Saturday, April 23, 2022

Key Learnings from This Weeks Talks

 Here are the lessons on strong leadership who are motivated for the right reasons from this weeks talk. The notes from the email are below:


  1. Strong Leaders are Motivated for the Right Reasons
    Zelensky is in it for the right reasons. He’s been incredibly effective in rallying the Ukrainian people. What we see in the US a lot these days is the opposite. We see people who are good at the politics of subtraction, doubling down on extreme bases within polar-opposite wings of various political parties. I hope that the Ukrainian people help us cherish and appreciate the freedoms we take for granted in the US. We get better as a nation by criticizing ourselves, but we should take a moment to cherish the freedoms we enjoy and appreciate the gift that we have living in free and open societies.
  2. National Defense Recommendations for the Coming Decade
    What’s really important when you’re advising a US President on foreign affairs and national security issues is to have in mind a framework to frame complex challenges, apply design thinking, and then agree on overarching goals and objectives. When you do that, you can make specific decisions. Should we provide big fighters to Ukraine? Should we provide medium-range air defense? What more should we do diplomatically? In Washington, you have discussions about specific, discrete actions, and the tendency then is to confuse activity for progress. There should be four objectives for a framework for Ukraine: 
    • Ensure Russia Fails
      If Russia doesn’t fail in Ukraine, it will not be over. Russia has to fail in Ukraine. 
    • Mitigate the Humanitarian Catastrophe in Ukraine
      Do everything you can to alleviate the suffering of the Ukrainian people. There’s a military dimension of that in terms of what capabilities to give them so that Russia no longer can commit mass murder by the indiscriminate bombardment of cities.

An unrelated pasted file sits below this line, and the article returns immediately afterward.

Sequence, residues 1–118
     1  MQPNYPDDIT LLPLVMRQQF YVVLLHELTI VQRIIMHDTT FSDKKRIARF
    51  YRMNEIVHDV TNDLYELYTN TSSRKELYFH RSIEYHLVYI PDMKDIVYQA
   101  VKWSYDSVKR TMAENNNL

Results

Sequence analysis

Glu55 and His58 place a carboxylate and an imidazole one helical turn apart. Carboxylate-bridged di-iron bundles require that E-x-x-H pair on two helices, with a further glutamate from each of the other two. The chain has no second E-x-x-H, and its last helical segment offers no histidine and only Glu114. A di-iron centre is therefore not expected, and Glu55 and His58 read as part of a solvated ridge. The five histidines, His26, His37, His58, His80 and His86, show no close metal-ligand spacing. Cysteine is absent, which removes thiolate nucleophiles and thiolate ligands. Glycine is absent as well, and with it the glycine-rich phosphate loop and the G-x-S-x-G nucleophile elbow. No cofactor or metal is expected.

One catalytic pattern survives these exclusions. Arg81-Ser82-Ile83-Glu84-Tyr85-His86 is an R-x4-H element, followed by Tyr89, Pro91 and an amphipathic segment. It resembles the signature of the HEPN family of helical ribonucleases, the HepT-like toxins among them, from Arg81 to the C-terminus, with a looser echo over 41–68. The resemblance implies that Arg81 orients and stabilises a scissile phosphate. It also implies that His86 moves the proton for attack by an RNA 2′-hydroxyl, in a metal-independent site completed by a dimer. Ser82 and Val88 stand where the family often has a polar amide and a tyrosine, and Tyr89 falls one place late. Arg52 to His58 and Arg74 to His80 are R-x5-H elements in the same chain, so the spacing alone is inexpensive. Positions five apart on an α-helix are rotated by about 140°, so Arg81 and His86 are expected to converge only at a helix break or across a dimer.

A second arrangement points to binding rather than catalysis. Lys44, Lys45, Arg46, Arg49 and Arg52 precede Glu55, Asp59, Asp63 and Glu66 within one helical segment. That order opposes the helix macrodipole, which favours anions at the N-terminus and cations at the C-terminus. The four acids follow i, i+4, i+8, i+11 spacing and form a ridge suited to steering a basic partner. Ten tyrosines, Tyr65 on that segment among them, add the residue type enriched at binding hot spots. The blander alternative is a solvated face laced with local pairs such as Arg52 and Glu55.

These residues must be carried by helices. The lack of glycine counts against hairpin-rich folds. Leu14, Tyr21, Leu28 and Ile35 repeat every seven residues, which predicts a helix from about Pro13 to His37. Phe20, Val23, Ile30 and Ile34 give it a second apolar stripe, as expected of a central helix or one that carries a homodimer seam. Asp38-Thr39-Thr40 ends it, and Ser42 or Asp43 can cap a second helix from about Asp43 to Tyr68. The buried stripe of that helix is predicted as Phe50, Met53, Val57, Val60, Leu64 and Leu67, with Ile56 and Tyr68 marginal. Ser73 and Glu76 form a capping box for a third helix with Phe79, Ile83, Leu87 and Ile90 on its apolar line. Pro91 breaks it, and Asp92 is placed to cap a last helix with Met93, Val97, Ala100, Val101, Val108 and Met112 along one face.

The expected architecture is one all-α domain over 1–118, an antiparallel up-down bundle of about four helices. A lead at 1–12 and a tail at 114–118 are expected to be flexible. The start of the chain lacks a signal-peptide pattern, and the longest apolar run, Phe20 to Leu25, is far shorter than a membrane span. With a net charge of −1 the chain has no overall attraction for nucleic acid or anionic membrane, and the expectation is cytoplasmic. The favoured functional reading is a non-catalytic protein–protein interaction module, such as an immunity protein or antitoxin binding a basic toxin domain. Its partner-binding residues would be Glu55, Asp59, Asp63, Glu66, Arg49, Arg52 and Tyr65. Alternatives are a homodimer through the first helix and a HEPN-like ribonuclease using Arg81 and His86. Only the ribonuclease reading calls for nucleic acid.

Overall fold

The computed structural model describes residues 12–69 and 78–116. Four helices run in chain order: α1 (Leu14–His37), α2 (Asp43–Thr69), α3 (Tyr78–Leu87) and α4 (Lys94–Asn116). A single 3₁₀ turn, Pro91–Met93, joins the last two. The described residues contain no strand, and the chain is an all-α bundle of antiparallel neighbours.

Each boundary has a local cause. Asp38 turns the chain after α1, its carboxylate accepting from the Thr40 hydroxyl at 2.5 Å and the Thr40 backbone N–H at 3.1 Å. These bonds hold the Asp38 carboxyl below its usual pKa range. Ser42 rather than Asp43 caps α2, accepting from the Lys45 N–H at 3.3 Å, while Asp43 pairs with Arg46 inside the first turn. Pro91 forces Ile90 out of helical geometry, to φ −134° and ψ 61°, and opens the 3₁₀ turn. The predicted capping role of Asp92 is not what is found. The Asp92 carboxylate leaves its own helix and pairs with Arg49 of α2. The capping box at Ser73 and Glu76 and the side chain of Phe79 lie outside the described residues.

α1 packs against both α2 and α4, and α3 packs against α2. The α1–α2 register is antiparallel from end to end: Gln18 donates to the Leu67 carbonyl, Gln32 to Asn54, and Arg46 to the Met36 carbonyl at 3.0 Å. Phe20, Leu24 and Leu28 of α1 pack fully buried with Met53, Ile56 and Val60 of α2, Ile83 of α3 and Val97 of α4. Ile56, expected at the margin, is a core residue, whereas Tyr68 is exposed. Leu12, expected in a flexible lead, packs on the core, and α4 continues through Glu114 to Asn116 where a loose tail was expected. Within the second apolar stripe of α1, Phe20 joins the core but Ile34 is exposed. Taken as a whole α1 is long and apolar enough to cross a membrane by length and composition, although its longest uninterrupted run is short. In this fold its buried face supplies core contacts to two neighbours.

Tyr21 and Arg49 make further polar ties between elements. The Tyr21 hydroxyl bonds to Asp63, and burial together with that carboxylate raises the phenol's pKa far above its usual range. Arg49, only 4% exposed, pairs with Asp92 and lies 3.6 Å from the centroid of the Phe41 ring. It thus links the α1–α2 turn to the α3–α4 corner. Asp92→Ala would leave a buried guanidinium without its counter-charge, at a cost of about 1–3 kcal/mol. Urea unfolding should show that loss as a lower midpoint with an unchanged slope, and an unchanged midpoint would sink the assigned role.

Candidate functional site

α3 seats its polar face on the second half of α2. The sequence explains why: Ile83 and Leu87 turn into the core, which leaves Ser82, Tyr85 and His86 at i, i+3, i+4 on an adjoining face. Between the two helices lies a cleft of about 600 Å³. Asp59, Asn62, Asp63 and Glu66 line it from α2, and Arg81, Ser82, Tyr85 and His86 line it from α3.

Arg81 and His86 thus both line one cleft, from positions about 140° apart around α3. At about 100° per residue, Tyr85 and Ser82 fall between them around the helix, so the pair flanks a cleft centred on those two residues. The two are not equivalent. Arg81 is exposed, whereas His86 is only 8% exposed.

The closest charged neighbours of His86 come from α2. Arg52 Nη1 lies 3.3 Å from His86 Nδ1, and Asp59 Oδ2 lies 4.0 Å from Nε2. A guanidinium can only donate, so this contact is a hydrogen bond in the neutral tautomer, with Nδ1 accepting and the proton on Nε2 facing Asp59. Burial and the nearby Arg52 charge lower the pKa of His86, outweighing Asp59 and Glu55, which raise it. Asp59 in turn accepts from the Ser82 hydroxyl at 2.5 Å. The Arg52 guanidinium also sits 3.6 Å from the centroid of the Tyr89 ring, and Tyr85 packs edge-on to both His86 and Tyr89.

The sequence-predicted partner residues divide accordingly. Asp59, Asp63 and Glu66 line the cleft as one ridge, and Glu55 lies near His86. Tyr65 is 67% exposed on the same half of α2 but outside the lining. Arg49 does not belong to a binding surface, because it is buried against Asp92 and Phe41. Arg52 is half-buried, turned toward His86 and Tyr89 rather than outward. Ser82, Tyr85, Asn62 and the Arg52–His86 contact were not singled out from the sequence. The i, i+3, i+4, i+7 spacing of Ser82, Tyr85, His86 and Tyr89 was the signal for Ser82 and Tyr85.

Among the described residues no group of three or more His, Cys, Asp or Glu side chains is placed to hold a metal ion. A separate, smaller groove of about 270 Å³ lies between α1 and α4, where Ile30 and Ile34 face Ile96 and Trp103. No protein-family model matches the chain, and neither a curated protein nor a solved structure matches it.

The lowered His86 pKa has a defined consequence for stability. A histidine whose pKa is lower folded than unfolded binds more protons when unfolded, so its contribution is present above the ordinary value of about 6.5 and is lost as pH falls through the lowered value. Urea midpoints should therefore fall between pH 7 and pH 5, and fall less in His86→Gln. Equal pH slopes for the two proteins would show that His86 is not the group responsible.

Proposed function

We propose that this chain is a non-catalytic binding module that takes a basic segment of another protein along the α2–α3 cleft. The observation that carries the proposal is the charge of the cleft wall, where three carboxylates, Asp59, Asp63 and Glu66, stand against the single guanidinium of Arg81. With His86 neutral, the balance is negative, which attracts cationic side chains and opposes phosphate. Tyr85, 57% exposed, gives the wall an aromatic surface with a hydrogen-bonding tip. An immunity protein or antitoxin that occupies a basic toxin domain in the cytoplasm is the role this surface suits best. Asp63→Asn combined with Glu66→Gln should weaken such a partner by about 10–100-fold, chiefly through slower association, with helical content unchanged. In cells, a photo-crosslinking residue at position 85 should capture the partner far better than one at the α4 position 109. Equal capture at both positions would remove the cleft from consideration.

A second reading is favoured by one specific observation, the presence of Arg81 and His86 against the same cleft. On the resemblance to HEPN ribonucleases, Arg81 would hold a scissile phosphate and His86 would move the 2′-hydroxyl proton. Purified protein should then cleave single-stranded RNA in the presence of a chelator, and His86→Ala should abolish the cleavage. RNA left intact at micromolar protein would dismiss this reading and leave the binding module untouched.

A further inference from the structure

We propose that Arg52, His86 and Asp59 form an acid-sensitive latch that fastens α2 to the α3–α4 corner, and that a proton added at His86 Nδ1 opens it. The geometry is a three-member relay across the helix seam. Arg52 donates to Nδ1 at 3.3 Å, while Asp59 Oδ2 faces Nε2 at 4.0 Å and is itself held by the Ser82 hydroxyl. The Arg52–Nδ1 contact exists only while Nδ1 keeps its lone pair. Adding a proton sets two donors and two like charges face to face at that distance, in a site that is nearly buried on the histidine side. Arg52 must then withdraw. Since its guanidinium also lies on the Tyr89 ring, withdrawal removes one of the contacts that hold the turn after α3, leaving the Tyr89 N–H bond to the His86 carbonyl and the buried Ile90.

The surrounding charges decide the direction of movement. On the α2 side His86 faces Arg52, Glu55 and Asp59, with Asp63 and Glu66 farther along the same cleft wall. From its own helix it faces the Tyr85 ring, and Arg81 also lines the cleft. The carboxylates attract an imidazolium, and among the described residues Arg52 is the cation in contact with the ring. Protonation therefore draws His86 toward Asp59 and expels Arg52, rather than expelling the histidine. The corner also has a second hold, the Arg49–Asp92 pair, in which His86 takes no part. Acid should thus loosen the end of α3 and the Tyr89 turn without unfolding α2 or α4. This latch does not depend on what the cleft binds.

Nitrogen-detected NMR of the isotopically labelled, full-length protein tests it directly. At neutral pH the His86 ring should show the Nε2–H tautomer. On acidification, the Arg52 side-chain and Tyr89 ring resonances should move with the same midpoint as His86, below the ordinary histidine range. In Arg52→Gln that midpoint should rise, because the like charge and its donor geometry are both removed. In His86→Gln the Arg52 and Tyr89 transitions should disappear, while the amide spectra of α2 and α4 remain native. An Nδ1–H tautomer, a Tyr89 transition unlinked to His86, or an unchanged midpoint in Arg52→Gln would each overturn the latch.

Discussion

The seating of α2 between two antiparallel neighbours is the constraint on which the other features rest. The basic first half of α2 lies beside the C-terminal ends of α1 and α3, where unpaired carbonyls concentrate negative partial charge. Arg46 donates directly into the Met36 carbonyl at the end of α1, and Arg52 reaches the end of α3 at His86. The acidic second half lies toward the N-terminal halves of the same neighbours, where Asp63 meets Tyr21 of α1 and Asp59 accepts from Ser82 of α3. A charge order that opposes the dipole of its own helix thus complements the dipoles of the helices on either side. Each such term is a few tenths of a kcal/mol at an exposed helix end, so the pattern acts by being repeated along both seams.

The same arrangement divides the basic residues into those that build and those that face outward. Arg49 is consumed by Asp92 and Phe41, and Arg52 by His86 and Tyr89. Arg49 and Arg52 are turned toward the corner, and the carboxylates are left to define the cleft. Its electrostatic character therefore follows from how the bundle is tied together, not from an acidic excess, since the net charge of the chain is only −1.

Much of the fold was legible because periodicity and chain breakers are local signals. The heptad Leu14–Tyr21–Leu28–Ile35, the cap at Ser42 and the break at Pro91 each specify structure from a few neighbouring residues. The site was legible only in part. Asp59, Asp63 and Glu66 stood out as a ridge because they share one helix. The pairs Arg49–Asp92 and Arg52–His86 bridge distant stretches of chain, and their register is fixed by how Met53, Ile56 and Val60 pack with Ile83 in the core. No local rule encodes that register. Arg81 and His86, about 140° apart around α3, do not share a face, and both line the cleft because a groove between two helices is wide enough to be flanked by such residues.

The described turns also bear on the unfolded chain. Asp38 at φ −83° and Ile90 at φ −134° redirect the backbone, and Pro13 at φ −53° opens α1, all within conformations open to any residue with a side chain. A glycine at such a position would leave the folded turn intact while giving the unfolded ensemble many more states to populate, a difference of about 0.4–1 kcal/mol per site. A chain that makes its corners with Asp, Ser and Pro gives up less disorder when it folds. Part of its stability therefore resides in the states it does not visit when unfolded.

• Prevent Escalation to Nuclear War
      Aim for this as an explicit objective because when you look at each action, you can evaluate, “Are these contributing to or detracting from this key objective?” 
    • Shift the Balance
      Bend the situation to shift the balance in favor of our free and open societies against closed authoritarian systems
  3. Our Holiday From History is Over
    Major war has returned to the European continent after almost 80 years. What is clear from the horror being experienced by Ukrainian people is that our assumptions about the post-Cold War world are now demonstrably false. Among these false perceptions is the idea that an arc of history had guaranteed the primacy of our free and open societies over closed authoritarian systems.
  4. Hard Power Matters
    When people ask if Putin has gone crazy, my answer is this is consistent for Putin. The renewed assault on Ukraine was not a Black Swan event; it was a Pink Flamingo. What we should have learned is that hard power matters. In retrospect, there’s a lot more we could have done to provide Ukraine with more defensive capabilities that could have convinced Putin that he couldn’t accomplish these objectives in Ukraine at an acceptable cost. It was Putin’s perception of his chances of success that led to the invasion. 
  5. Putin’s Four False Assumptions
    We remember Putin as the great strategist who plays his weak hand better than anybody. That’s all nonsense. Putin has set himself and the people around him up for failure in Ukraine based on these four false assumptions:
    • Ukraine Is a Powerless Nation
      Putin thought Ukraine would collapse, that It was weak. He thought Zelensky was a joke. He counted him and the Ukrainians out. 
    • The Ukrainian Military Would Fold
      Putin thought Ukraine didn’t have the national will to resist enemy forces.
    • Russia's Military Would Get the Job Done Efficiently Because of Their Prowess
      They turned out to be pretty inept because of the rampant corruption across all the institutions within Russia.
    • Global Disunity Would be Created
      Putin got unity instead. We’ve seen a sea change in Europe. It’s a fundamental shift and attitude toward Russia far beyond what people imagined. 


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